WHEW. Just last week I began working on this post, not realizing that I wouldn’t finish it before heading to the ER with some crazy symptoms, then getting hospitalized for Salmonella poisoning!! It’s….not something I recommend. BUT. I’m back home, doing better, and finally ready to publish this lovely list of books the LQers read in May. Some of us had pretty lean months in terms of how many books we read, but that’s okay! We’re all busy ladies 😁.
Anyway, here’s what we read in May. Please let us know if you read anything amazing we should check out!
Mad Honey by Jodi Picoult and Jennifer Finney Boylan
I squeaked in a full book on May 30th!
I read The Radcliffe Ladies’ Reading Club by Julia Bryan Thomas in one morning as a sort of recovery therapy after a LONG couple of weeks of work. (Reading can be truly healing!) The book was engaging and I enjoyed it, but I just wasn’t wowed. Check out my full review to find out why!
Mad Honey by Jodi Picoult and Jennifer Finney Boylan
I read 2 books this month.
The first was Mad Honey, which is a collab effort by Jodi Picoult and Jennifer Finney Boylan. Centered around a suspicious accident where a girl is killed, the town immediately starts to suspect the son of local farm and beekeeper Olivia McAfee. But will Olivia’s own past traumas cloud her certainty that her son Austin is innocent? Definitely I liked Mad Honey but I will say, please proceed with caution: there are some pretty tough topics covered.
Friends, Lovers and the Big Terrible Thing by Matthew Perry
The second book I read was Matthew Perry’s Friends, Lovers and the Big Terrible Thing. I got this one as an audiobook read by the author and I was sorely disappointed. I was basically in love with Chandler growing up, so I think the bias I bring to this is that I sometimes expect Matthew to be him, which just simply isn’t possible. I’ve also seen Perry in interviews as recent as maybe the last 3 years, and I did know there was some deeper trauma running deeply – you can see it in the way he wears his humor now, as though it’s more scathing.
But the biggest letdown for me about this book was that it felt like a proud listing of his sexual roster hiding behind this idea that these amazing women didn’t deserve the terrible treatment from him while he bounced in and out of various degrees of catatonic state from drug abuse. His slurred words suggested that at the time of recording, he was probably still medicated (which is fine and he does acknowledge due to the one drug he might never be sober) but is difficult to stomach. And lastly it doesn’t seem like he has learned much, and the only redeeming quality I was left with was that he feels its his place in life now to try and get others sober. Commendable, but also just kind of like… dude, you could have been a FORCE if you were a little kinder and less of a narcissist. Anyway, wouldn’t recommend and I was left sad at the end. Your move peeps.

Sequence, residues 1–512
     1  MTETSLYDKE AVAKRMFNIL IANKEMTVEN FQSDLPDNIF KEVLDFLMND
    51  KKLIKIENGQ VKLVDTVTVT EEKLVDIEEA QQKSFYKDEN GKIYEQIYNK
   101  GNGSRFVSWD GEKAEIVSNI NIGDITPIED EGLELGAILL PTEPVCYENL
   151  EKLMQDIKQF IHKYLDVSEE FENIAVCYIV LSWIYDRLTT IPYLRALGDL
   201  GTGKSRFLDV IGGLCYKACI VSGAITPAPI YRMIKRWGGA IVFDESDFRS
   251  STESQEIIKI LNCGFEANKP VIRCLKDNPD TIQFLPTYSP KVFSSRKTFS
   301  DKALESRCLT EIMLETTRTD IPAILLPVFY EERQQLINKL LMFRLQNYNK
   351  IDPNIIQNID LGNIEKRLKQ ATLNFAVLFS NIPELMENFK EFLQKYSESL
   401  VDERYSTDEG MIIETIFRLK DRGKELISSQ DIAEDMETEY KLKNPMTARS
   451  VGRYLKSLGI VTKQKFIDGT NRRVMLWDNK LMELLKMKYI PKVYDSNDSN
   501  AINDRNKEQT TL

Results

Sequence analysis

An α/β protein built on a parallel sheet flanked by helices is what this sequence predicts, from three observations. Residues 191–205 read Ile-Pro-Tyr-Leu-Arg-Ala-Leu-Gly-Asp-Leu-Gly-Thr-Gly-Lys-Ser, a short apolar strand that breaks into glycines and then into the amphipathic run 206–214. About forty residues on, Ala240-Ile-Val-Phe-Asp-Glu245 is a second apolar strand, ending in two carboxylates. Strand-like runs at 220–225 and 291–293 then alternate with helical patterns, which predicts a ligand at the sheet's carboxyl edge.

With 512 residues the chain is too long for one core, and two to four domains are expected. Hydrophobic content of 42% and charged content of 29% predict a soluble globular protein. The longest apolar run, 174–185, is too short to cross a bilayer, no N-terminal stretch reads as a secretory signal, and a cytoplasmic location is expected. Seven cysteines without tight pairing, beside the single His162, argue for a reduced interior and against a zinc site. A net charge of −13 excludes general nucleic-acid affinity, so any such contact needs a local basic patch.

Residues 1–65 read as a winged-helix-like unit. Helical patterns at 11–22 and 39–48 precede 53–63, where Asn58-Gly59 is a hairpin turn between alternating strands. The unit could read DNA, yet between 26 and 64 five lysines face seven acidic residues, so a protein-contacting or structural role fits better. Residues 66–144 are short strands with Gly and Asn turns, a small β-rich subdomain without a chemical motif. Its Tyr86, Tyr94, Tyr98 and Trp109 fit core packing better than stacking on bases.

I read just one book this month but it was massive!
The Way of Kings by Brandon Sanderson
Note: I’m actually reading the German translation, Der Weg der Könige translated by Michael Siefener, as I couldn’t find the original English title in my local bookshop.
I read another book by Sanderson last year (Warbreaker) and it was so good I thought I’d give some of his other books a try.
The Way of Kings has lived up to my expectations. Sanderson’s writing is utterly amazing – it’s descriptive, dramatic, energetic. It sucks you in and spits you out at the end, leaving you with a feeling that you’ve actually been to this epic world.